Urinary incontinence means a person leaks urine by accident caused by uncontrolled bladder or simply losing control of sudden urination. While it may happen to any ageing adults, urinary incontinence is more common in older people, especially women. As a person ages, their bladder changes as well which affects its normal function.
1 in 3 older women and 1 in 12 older men have lower urinary tract symptoms that can include urinary incontinence. On the other hand, 22% of men with urinary incontinence seek help for the problem as compared to 45% of women. With age, some of the muscle fibers in the bladder are replaced with stiffer tissue. Moreover, the body’s neurological responses that rely on to maintain normal urinary function decline slightly with old age.
On top of the normal changes of ageing, some age-associated conditions can also worsen incontinence, such as diabetes, obesity, congestive heart failure, medications that can affect urine output, and more. Incontinence is tantamount to inconvenience as it can be life-altering. It leads to early retirement or social withdrawal, depression, and loss of independent function.
People in the later stages of Alzheimer’s disease often have problems with urinary incontinence. This can be a result of not realizing they need to urinate, forgetting to go to the bathroom, or not being able to find the toilet. Nighttime urination or nocturia is a urinary symptom that’s hard to ignore, or cope with especially that it interrupts sleep. It’s a common complaint in older adults and prevalent among those 70 years and older which is reported to be 69-93% in men and about 75% in women.
Other Causes of Urinary Incontinence in Older Adults:
Infection – when there’s a urinary tract infection in an older adult, it can cause burning, pain, confusion, and also urinary frequency and urgency, and often incontinence.
Constipation – when the bowel is full of stool, it can restrict the release of urine from the bladder, which causes a dribbling overflow pattern of wetting.
Medication – old age comes with inevitable health problems that result to taking maintenance pills that can affect urinary function such as diuretics, antidepressants, and allergy medications.
Restricted mobility – not getting to the bathroom on time because of arthritis, for example, leads to more accidents.
Younger adults can also experience incontinence
Although it tends to be more common in older people, urinary incontinence can, however, strike at any age. Some younger adults with ages between 25 to 35 years old, as well as teenagers, also suffer from bladder leaks. A study of healthy adolescents indicated that 3% of 15 to 16-year-olds experienced regular daytime wetting. Causes of urinary incontinence in young adults vary widely but the most common include urinary tract infection, weak pelvic muscles, side effect from medication, and sport injury resulting from high-impact sports such as running and gymnastic, where you hit the ground with force. This can result in damage to the pelvic muscles over a period of time.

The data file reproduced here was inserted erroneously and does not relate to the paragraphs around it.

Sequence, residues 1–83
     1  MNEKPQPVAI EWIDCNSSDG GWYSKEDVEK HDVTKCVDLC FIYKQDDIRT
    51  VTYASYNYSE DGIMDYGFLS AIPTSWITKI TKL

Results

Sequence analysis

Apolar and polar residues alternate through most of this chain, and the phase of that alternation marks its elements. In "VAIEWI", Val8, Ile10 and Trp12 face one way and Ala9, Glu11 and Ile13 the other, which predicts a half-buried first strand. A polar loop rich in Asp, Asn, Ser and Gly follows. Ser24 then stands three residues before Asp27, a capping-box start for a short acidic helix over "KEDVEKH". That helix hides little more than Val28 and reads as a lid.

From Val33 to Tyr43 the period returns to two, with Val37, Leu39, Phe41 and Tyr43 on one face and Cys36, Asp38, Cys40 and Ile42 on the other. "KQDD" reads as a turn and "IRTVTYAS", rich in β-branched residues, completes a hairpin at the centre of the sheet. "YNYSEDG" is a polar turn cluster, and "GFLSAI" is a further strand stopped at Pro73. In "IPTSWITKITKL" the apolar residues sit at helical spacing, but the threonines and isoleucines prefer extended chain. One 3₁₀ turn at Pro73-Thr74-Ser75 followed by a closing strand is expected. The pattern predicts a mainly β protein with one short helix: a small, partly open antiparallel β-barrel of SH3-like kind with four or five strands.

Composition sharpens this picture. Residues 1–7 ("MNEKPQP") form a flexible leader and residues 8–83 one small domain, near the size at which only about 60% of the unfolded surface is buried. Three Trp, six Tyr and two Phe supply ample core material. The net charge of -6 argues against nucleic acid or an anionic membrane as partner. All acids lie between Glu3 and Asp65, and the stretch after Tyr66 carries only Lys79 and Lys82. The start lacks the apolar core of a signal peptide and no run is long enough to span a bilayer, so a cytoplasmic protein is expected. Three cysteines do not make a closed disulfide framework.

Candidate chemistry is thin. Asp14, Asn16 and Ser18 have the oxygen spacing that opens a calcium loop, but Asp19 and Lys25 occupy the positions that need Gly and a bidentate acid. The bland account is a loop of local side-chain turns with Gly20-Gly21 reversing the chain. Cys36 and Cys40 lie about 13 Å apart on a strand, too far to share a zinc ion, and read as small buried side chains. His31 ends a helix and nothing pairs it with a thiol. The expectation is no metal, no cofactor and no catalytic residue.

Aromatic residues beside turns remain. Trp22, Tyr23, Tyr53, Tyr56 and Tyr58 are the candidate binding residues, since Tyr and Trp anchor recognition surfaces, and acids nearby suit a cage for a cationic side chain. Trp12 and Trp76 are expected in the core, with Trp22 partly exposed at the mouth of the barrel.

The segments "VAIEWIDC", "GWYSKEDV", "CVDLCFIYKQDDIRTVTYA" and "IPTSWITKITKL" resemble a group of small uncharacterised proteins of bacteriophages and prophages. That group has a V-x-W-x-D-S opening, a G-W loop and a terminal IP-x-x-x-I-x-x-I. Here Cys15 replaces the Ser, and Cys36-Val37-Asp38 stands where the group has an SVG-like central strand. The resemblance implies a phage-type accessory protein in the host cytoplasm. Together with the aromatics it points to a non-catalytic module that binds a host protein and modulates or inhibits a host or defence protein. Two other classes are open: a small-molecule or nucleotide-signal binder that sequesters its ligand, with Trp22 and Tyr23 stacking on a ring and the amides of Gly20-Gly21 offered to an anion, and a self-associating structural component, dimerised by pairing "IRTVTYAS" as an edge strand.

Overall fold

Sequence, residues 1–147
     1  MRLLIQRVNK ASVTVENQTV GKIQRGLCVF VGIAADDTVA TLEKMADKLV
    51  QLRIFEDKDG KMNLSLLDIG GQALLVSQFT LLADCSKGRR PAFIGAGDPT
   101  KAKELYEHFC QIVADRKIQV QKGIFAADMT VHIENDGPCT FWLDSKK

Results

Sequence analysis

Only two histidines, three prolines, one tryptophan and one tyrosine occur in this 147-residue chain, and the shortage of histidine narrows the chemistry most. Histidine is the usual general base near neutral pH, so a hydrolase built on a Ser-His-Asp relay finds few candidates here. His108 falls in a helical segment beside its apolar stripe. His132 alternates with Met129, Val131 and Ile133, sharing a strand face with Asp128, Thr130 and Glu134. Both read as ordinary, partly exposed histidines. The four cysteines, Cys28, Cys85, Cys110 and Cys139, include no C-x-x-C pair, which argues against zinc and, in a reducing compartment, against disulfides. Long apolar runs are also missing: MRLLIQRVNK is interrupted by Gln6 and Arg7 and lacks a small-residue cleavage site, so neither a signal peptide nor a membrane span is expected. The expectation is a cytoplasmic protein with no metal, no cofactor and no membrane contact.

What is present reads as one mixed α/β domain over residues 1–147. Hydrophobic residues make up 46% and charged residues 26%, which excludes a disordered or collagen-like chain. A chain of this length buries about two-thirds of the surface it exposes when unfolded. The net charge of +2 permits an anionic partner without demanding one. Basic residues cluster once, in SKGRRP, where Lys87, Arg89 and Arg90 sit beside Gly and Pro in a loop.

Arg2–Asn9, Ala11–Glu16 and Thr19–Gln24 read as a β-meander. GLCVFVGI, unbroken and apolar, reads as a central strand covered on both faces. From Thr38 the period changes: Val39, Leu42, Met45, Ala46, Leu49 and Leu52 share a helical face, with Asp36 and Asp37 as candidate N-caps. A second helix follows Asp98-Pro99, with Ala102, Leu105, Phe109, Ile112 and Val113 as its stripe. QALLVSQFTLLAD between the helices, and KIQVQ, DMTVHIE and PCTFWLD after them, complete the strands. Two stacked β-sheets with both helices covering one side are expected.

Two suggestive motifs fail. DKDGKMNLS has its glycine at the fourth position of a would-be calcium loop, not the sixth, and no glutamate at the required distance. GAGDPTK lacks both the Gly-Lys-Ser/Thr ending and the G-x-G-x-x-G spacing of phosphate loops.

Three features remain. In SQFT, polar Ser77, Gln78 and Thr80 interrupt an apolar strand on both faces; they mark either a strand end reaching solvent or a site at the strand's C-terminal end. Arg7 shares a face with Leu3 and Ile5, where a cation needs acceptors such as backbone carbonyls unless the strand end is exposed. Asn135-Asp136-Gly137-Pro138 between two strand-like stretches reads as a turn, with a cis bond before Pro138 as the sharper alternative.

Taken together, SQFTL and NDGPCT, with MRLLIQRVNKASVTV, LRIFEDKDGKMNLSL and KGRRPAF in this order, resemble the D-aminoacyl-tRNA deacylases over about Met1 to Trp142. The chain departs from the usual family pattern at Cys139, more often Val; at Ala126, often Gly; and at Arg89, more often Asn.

Other risk factors also include conditions such as obesity (more pressure on the bladder), cystic fibrosis, chronic constipation (also causing more pressure on the bladder) and childhood nocturnal enuresis that occasionally carries over to the teenage years.
Incontinence is inconvenient yet manageable
Incontinence has an enormous impact on an older person’s quality of life and adds significant burden on family and caregiver. Fortunately, there are more treatments nowadays for urinary incontinence than ever before.
The first step is to talk to the doctor for proper health diagnosis. The choice of treatment depends on the type of bladder control problem, how serious it is, and what best fits the lifestyle. To primarily help manage urinary incontinence in older adults at home, here are some things to do:
Even after treatment, some people still leak urine from time to time, especially those with underlying health conditions. There are incontinence products available including adult diapers, adult pull-up pants, adult underwear, and underpads, that may make leaking urine a little less bothering.
One that’s readily available in drugstore and supermarkets is the Caress Adult Diaper Basic. It’s great for older adults as it has a super absorbent pad with Liquid Distribution Layer (LDL) that draws the liquid away from the skin keeping them feeling dry and comfortable. There’s also Secure Adult Pull-up Pants that’s convenient to use when going out since it can be easily worn like underwear. Hy-Pants Adult Underwear is like Secure but is recommended for those with light and moderate incontinence.
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